Issue 28
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Vivid 2009

Sydney powers-down but lights-up.


12 August 2009

Text:/ Tim Stackpool
Images:/ Zac Shenker

As cities around the world vie for the title of most liveable and most sustainable, the City of Sydney Council continues to gain the attention of the world with cultural events, tourist destinations, and the planet’s best New Year Eve fireworks. The urban landscape of the city has for years also lent itself as the backdrop to luminous creative endeavours, turning the night-time skyline of the town into a feast of luminescence.

As part of the Vivid Sydney festival, Smart Light Sydney showcased a range of lighting techniques. These installations were required to include clever design, innovative technology, reusable materials, energy efficiency and reduced light wastage. One major installation, the Light Walk, featured 25 light art sculptures, including seven works produced by international artists from countries including the UK, Portugal, Germany and Switzerland. As visitors strolled around historic parts of the city, they encountered ‘sculptures’ as diverse as pedal-powered artwork on the banks of Circular Quay to a real-time weather pattern projection on Observatory Hill, from a display of moving people creating a human flag in The Rocks to a four-storey-high pot of fibre-optic flowers swaying in the breeze in Cadman Park.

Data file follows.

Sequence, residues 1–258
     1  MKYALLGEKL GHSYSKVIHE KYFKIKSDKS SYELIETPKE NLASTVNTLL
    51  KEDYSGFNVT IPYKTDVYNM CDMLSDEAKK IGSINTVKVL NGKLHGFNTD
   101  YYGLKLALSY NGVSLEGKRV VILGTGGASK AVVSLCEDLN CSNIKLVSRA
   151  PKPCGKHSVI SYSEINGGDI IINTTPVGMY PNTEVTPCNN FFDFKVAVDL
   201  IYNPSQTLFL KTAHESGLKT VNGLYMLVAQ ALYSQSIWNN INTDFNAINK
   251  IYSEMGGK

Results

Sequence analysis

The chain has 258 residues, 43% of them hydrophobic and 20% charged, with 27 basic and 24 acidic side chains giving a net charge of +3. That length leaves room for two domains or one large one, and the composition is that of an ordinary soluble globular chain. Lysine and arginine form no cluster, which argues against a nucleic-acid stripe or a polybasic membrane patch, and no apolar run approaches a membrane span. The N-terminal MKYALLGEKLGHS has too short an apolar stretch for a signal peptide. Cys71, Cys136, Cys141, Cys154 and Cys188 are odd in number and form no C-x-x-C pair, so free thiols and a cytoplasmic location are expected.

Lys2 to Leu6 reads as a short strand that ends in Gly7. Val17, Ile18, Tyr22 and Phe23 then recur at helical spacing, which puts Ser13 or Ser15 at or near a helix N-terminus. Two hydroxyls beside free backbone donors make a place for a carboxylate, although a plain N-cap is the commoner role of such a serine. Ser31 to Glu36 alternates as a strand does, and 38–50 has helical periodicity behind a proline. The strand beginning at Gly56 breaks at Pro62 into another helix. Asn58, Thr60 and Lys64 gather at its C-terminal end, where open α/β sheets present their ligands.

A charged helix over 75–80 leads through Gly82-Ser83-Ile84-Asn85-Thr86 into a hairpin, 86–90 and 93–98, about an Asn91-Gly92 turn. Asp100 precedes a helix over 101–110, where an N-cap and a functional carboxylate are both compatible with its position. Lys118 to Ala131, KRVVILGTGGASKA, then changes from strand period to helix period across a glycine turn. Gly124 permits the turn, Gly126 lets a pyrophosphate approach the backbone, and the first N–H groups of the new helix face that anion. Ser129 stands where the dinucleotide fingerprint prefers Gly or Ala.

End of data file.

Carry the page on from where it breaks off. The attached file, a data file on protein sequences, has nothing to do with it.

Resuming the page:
Festival director and founder Mary-Anne Kyriakou was extremely keen to ensure the artists and designers created a new work that considered an energy conscious approach to the design. “All designers were encouraged to be innovative with LED technology along with exploring the theme of City and Memories,” she said. “Light is all about atmosphere and this builds and creates our memories of people and spaces. One of the key selection criteria was the work needed to engage with the public.”

Smart Light Sydney operated on three core principles. The installations were required to support energy reduction, encourage best practice in lighting design and reduce obtrusive light into the night sky. As for the curatorial aspects of the works; the designs were expected to embrace an architectural lighting approach, incorporating a sense of the theatrical by way of a marriage between music and light. “I consider all of these areas to be part of public light art,” Kyriakou said.

The technical aspects of the works were project managed by Andy Webster, with consultancy by Andre Kecskes and Mark Hammer of Creative Lighting & Audio.

With such a diversity of art to be deployed, the various installations took anywhere from a few hours to a few days to rig. One installation, Jewel Box of Light by Reinhard Germer, Fiona Venn and Tim Geary, saw the Garrison Church in Argyle Street lit from within, creating a glowing jewel box of light showing the diversity of colours within the intricate stained glass windows. Through the use of low energy LED and metal halide lighting, Jewel Box of Light used less than half the energy usually required to light the church.